Sickness, Sontag wrote, had become “€œa way of making people “€˜interesting.”€™”€

Sure enough, I soon found myself being glommed onto by flighty, flaky women claiming to have, say, fibromyalgia or chronic fatigue syndrome, “€œjust like”€ me. Ugh. “€œWhere’s YOUR blood test, bitch?”€ I wanted to yell.

Meanwhile, multiple personality cases were, well, multiplying all around me, as I”€™ve written before, on account of dubious, and ubiquitous, revelations on all the daytime talk shows.

That was over twenty years ago. I no longer endure these encounters, thank God. As Shorter explains, “€œinteresting”€ afflictions (mostly far less legitimate than TB) wax and wane in popularity in tandem with medical and scientific progress and the zeitgeist’s whims. “€œOur late-twentieth century culture, for example,”€ he writes, “€œwhich values individual dynamism, regards physical paralysis and sudden “€˜coma”€™ (both common before 1900) as inappropriate responses”€ to one’s symptoms.

And such symptoms haven”€™t always survived from one age to the next, either. In the 18th century, patients frequently complained of what was dubbed globus hystericus; When was the last time you heard someone complain of the “€œsensation of a ball rising from the depths of the abdomen and lodging in the throat”€? Yet this symptom recurs in the book’s case histories”€”right up until the moment it doesn”€™t.

During this same era, “€œgout…functioned as more than a malady; it was also part of a social code embedding class, rank, affiliation, standing and political position.”€ The distinguished Scottish physician James Makittrick Adair complained in Essays on Fashionable Diseases (1790) drily that:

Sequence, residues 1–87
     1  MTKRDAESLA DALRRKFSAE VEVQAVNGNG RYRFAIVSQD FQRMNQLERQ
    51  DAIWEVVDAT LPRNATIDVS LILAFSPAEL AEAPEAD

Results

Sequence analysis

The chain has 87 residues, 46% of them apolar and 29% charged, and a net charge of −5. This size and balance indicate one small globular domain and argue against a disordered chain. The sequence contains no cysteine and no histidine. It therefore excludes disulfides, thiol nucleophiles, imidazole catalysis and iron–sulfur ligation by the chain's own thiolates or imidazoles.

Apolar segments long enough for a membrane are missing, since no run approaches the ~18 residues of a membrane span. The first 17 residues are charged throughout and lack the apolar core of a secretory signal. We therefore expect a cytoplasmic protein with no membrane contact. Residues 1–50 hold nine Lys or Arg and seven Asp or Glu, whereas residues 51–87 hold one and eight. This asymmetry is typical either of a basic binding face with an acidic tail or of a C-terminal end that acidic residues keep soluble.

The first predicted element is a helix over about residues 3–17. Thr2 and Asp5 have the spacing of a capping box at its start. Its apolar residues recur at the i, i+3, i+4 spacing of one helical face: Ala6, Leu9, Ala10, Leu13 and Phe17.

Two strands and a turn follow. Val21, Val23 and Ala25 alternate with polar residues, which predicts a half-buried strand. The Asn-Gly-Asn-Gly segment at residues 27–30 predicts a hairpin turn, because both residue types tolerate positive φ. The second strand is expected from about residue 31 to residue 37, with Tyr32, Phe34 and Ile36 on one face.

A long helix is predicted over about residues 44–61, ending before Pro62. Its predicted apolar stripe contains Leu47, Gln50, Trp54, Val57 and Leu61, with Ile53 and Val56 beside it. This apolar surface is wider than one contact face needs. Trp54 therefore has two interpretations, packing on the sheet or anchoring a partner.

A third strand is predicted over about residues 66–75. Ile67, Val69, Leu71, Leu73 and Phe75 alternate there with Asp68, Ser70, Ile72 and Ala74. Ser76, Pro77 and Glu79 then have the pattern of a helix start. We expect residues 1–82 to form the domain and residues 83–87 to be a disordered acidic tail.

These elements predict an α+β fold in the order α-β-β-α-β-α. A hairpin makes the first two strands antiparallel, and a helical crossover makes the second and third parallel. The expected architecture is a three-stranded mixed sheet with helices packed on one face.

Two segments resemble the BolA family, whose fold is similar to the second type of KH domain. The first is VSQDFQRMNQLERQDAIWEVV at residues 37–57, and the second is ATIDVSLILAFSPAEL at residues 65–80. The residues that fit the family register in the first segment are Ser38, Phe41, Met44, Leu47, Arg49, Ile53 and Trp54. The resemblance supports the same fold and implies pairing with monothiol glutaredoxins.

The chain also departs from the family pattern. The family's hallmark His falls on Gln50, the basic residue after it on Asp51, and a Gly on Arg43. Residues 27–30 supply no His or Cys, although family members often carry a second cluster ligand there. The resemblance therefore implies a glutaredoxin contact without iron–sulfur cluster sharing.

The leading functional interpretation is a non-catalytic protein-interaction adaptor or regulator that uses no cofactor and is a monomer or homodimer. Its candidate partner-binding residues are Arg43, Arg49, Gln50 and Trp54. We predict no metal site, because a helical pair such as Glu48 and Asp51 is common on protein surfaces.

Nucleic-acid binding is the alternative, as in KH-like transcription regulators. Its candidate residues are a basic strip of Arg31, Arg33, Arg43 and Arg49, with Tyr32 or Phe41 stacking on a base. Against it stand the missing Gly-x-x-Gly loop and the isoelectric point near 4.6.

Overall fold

Upwards of thirty years ago, a treatise on nervous diseases was published…. Before the publication of this book, people of fashion had not the least idea that they had nerves….

Some years after this, Dr. Coe wrote a treatise on biliary concretions, which turned the tide of fashion: nerves and nervous diseases were kicked out of doors, and bilious became the fashionable term. How long it will stand its ground cannot be determined.

Should Adair strike you as a paragon of stringent common sense, a man out of time, involuntarily confined among quacks, do note that”€”one thinks of Damien the leper priest”€”Adair reportedly ended his days…a hypochondriac.

Perhaps because our own age prizes naked candor, at least some of today’s poseurs straight out admit to their doctors that, for instance, they “€œwant to be bipolar,”€ like all those celebrity “€œawareness-raisers.”€ (I”€™m reminded of the old joke about the little girl who asked her mother to buy her tampons so that she too could “€œgo swimming and horseback riding”€…)

The same friend who sent me that Telegraph tale often asks me, “€œWhen will it end?”€”€””€œit”€ meaning trans-mania and its attendant toxic waste, like “€œpregnant”€ “€œmen”€ and scruffy male makeup spokesthingies.

Well, if the history of medicine is any indication, this wacky “€œgender bingo”€ fad too shall pass.

And then, to circle back to Pope, our national “€œnight-dress”€ nightmare will be over.

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